An interesting article I came across by Gary Ewer that’s worth sharing -
Songwriting partnerships should not exclude the demonstration of healthy egos
“I am a believer in good songwriting collaborations if those collaborators had a reason to hitch their horses to the same wagon. As a composer of music, if you find another writer who shares some of your own basic philosophies of why you write music in the first place, and can fill voids you have in your songwriting technique, you’ve got the makings of a powerfully effective collaboration. But I find myself rolling my eyes at the scenario where 5 or 6 or more musicians, all sitting in a studio, attempt to hammer out a new tune for some high-profile singer to present to the world. I don’t like those kinds of collaborations, at least most of the time. And I dislike them mainly because the music usually lacks an initial vision, and the lack of vision comes from a skewed underlying philosophy behind music.
Any one songwriter’s philosophy is usually hard to define, but it’s something you sense. Bob Dylan, for example, may be quite interested in the money he makes from music, but you don’t get the sense that it’s the main underlying philosophy. He’s usually trying to get a message out there. It’s too simplistic, I believe, to suggest that having 9 musicians getting a writing credit on a song (Beyoncé’s “Drunk in Love”) automatically means that it lacks vision. In fact, it may simply be the way a lot of music is being written today: “We just kinda had a party. It was so great, because it wasn’t about any ego, we weren’t trying to make a hit record [...] we were just having fun…and I think you can hear that in the record.” -Beyoncé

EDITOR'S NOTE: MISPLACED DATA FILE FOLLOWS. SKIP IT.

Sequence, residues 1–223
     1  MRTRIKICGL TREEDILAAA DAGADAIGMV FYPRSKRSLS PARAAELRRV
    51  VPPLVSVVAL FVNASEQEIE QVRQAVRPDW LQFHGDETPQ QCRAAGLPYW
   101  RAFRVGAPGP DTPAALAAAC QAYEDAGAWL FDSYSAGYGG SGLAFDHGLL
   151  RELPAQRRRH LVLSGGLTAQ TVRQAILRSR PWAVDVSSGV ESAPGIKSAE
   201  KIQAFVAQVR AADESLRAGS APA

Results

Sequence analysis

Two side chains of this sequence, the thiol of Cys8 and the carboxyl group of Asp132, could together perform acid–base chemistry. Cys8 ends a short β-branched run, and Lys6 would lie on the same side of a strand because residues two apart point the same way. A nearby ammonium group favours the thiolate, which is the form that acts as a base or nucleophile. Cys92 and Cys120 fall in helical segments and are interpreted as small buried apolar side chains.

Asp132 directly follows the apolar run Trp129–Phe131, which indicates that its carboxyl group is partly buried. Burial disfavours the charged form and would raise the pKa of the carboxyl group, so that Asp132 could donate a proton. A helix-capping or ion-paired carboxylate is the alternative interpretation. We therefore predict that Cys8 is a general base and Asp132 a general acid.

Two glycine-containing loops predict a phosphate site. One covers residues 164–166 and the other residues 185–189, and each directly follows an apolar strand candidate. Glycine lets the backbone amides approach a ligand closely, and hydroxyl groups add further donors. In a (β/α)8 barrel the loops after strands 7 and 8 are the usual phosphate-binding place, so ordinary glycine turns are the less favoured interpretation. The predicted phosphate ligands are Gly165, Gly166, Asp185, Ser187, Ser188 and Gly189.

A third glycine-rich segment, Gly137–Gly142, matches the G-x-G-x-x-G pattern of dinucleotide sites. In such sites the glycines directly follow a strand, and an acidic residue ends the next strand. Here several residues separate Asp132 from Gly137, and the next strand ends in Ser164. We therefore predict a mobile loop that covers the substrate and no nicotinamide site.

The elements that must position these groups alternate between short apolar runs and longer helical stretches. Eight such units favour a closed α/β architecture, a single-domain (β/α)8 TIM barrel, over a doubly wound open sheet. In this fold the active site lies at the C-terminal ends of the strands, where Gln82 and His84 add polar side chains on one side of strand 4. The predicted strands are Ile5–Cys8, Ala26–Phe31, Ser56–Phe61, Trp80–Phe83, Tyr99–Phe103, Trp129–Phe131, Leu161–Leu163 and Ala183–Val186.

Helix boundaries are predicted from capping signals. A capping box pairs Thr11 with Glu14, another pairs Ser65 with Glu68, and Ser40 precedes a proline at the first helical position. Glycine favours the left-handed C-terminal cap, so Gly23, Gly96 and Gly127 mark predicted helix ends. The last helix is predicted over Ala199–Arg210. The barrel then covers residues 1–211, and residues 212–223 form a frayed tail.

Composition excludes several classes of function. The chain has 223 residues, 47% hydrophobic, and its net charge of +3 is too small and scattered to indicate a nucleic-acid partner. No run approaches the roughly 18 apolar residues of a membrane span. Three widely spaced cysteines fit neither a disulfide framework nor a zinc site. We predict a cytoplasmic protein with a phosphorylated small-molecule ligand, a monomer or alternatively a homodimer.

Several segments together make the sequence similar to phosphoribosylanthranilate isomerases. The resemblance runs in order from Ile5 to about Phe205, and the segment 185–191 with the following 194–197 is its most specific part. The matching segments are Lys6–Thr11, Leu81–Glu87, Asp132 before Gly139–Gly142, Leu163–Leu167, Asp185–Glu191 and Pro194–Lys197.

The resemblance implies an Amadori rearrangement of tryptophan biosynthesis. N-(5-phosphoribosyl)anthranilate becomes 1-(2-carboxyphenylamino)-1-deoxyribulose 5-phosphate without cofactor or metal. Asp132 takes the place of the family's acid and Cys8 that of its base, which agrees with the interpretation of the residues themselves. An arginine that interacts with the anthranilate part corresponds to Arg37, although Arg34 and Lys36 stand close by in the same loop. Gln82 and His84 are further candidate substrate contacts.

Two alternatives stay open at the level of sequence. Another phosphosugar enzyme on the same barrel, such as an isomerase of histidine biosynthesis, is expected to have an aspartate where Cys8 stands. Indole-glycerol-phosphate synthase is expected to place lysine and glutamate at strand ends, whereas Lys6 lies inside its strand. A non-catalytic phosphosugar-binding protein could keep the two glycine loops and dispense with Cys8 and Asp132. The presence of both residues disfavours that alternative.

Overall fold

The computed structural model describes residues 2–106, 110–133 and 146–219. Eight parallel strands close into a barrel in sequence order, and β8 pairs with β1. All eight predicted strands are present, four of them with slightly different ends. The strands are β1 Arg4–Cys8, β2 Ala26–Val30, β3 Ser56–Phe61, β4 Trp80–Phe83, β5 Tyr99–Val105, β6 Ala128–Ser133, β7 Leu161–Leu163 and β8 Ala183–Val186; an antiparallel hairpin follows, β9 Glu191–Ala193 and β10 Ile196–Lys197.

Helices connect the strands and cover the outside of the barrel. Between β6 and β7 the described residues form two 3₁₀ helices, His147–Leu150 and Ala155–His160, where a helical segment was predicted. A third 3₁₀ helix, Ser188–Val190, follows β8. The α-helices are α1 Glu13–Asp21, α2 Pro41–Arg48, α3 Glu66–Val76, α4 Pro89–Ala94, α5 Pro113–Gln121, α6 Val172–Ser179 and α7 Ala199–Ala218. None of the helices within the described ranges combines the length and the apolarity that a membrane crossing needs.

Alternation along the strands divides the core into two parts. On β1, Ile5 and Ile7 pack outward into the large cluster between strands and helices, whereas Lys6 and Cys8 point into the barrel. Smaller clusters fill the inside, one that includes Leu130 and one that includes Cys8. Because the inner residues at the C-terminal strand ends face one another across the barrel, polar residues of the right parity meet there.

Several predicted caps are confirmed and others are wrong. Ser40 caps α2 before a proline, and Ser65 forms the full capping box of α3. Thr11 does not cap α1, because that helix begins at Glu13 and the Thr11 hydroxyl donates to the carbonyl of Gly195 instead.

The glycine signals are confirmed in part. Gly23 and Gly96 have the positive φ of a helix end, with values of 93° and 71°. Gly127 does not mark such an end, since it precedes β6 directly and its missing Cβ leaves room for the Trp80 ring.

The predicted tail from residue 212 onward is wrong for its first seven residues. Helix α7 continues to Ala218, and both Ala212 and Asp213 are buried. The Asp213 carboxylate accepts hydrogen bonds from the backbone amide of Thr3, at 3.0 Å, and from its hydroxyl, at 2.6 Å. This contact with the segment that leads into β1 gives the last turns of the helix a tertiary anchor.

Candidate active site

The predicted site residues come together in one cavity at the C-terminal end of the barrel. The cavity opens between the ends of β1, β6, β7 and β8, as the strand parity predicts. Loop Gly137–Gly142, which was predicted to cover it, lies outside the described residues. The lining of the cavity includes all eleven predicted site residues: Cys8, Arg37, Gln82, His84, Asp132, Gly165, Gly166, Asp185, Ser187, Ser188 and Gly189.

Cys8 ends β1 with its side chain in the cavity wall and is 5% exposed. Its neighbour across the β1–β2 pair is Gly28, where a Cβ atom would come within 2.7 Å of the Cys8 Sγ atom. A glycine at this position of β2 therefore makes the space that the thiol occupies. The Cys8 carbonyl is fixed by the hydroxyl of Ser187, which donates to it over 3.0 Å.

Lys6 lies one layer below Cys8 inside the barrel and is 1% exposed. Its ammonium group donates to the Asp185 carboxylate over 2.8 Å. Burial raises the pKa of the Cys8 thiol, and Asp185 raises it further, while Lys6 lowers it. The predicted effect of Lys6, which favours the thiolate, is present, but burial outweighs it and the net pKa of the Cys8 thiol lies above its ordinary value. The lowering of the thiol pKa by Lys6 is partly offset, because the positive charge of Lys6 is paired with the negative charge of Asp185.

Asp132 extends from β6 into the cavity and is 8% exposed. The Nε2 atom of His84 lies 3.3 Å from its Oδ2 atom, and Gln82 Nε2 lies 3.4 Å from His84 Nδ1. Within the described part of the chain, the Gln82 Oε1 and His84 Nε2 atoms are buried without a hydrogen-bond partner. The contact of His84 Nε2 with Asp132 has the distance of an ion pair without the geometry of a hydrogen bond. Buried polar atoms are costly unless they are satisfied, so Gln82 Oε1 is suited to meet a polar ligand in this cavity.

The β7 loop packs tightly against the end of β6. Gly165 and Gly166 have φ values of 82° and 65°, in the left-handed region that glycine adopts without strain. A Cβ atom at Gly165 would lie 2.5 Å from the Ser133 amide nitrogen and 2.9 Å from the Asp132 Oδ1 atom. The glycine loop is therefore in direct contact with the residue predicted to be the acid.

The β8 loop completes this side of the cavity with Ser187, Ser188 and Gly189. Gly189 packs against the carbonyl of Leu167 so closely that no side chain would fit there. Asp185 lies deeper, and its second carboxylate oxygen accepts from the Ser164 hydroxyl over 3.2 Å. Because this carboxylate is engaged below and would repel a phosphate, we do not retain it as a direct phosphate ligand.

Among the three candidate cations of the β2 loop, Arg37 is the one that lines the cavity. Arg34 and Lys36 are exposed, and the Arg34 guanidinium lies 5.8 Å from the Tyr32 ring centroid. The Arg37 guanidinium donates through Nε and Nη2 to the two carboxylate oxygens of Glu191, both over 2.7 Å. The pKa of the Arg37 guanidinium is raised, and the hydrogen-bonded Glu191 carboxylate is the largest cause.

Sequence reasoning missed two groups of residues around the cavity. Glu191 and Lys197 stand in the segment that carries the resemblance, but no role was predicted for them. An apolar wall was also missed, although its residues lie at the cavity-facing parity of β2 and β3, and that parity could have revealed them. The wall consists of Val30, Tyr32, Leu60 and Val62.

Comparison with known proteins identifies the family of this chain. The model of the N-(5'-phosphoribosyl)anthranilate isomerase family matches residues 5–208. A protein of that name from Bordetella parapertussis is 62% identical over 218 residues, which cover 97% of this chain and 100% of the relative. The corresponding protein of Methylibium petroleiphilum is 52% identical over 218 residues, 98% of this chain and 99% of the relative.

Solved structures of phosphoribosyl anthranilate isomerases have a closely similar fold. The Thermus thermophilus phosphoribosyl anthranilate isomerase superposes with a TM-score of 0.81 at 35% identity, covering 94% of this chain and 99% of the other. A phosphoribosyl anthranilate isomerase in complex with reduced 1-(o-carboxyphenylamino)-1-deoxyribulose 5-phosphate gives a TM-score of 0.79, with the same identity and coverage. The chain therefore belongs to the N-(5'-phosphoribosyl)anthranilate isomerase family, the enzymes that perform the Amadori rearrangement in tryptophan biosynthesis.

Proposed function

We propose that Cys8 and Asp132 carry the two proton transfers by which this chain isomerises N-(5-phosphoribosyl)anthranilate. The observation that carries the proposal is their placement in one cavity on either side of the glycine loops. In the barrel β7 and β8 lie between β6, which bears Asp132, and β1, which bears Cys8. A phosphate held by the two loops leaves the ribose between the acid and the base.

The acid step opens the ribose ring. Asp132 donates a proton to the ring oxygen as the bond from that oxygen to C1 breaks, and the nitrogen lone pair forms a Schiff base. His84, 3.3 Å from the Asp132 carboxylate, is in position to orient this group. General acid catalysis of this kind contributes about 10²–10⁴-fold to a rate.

It’s also a reflection of how songwriting credits are doled out these days. It seems that anyone in the room while a song is being put together gets a writing credit. And to be truthful, it may be unfair to suggest that having 9 songwriters in the credits automatically means that the song lacks an initial vision, or isn’t supported by a sophisticated philosophy. Having said that, I question whether the best music anyone can write will come from musicians who “… just kinda had a party.”
I still believe that today’s best music is being written by one or two songwriters who practice the art of songwriting, and who do so with a disciplined, positively critical mind.
Regarding Beyoncé’s statement that “… it wasn’t about any ego,” I actually want ego when I listen to music. I want to hear ego loud and clear, and so should you. Ego is only ever bad when it’s overbearing and loud for no good reason. A healthy ego does not arrogantly silence other voices in the room. And maybe that’s the best part of healthy songwriting collaborations: two egos in a room, confident to acknowledge each other’s talents, and producing music that’s really worth listening to.
Music that starts with a vision, a message, and results in a song that honours that initial vision – that’s what good songwriting has always been.
If you can get that with a team of 9 songwriters, more power to you.”